Security blanket

Both Mead and Ellis testify to the myriad ways in which really good books not only stand the test of repeat reads, but also bestow fresh gifts each time we crack their spines. These kinds of books grow with us. The writers also explore the motivations behind re-reading.

For children, it’s a comfort. As we become accustomed to a world in which change is the only real constant, the familiarity of the book at bedtime is something to cling to. Adults aren’t immune to those feelings, either. To quote the septuagenarian writer Larry McMurtry: “If I once read for adventure, I now read for security. How nice to be able to return to what won’t change.”

Except that often, that’s not quite the case. We notice fresh details. Our interpretations change as we evolve – cheerleading for the strivers, for instance, gives way to admiration for characters who are slow and steady.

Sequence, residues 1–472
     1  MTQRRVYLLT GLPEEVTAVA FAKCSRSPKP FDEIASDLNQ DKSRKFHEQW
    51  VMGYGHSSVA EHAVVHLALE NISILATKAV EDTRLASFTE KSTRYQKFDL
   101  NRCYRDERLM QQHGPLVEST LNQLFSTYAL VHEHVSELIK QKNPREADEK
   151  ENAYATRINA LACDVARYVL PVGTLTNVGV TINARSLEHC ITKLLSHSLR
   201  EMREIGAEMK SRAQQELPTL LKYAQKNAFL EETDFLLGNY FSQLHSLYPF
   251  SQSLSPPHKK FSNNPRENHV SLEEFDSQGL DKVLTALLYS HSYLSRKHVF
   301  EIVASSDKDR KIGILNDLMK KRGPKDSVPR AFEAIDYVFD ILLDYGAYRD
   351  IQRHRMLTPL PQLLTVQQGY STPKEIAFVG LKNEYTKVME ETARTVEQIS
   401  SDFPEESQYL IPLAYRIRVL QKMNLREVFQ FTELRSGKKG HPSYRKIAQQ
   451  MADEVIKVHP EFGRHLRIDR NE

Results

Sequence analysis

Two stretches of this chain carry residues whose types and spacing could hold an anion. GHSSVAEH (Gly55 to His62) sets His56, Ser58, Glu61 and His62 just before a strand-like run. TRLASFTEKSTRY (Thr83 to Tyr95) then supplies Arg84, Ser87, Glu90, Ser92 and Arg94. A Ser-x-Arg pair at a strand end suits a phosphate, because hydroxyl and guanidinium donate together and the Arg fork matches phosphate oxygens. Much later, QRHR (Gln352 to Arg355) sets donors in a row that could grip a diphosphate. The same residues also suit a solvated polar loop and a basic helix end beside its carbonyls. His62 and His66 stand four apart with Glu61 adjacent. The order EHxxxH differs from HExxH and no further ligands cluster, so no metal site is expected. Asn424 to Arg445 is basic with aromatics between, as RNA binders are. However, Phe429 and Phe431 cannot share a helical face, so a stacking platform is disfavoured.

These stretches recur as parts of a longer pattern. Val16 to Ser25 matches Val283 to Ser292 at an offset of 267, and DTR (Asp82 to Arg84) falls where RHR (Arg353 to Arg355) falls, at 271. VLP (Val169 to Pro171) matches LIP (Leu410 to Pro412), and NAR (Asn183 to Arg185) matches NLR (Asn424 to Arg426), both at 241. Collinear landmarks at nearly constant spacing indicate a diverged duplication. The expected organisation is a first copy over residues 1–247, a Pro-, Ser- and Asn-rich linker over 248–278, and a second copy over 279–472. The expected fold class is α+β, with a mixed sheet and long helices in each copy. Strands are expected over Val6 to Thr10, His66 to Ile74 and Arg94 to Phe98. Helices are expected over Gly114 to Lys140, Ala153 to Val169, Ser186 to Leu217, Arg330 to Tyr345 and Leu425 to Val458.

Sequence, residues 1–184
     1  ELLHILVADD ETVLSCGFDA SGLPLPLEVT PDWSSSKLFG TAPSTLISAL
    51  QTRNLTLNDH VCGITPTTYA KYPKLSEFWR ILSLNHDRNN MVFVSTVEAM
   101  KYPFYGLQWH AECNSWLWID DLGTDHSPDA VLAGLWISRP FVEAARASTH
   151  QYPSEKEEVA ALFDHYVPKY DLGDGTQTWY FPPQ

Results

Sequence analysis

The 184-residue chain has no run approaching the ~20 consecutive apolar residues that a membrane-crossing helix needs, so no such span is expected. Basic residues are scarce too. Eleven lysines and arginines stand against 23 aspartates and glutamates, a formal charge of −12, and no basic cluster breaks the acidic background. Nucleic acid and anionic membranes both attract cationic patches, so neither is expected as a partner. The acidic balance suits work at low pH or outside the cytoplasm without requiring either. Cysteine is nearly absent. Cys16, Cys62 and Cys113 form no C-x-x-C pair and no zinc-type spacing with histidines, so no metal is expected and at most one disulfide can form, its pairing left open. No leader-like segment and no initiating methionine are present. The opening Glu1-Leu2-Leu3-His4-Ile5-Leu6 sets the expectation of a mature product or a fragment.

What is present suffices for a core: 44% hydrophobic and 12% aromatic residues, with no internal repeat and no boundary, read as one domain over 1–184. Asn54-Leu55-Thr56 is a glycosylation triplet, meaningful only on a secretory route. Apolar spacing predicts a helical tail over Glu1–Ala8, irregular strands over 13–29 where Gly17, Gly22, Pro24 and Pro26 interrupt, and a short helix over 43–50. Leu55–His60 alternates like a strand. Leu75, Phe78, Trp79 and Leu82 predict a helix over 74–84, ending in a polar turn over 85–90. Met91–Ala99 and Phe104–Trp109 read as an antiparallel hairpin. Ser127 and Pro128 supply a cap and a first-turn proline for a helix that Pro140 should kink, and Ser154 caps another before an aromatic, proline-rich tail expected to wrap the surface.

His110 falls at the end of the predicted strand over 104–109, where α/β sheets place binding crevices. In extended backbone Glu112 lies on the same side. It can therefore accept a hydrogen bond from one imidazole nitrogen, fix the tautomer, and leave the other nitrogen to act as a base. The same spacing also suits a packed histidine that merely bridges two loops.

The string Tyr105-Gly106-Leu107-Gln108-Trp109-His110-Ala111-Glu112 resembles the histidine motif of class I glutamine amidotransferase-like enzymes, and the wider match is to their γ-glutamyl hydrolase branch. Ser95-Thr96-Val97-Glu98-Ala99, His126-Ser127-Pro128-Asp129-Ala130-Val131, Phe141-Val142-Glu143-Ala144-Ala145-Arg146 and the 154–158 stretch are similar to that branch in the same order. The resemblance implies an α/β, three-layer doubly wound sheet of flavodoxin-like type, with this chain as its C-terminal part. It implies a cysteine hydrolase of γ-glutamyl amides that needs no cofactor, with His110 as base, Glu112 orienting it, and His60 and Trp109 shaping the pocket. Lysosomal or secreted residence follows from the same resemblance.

Vladimir Nabokov had a theory about this. He believed that the process of moving our eyes from left to right, line after line, page after page, stood between us and artistic interpretation the first time round. By the fourth reading, the experience has apparently assumed more of the directness of looking at a painting. “One cannot read a book: one can only re-read it,” he said.

Scientists have weighed in, too, citing the mental health benefits of re-reading. Research conducted with readers in the US and New Zealand found that on our first reading, we are preoccupied by the ‘what?’ and the ‘why?’. Second time round, we’re able to better savour the emotions that the plot continues to ignite. As researcher Cristel Russell of the American University explained of re-readers in an article published in the Journal of Consumer Research, returning to a book “brings new or renewed appreciation of both the object of consumption and their self”.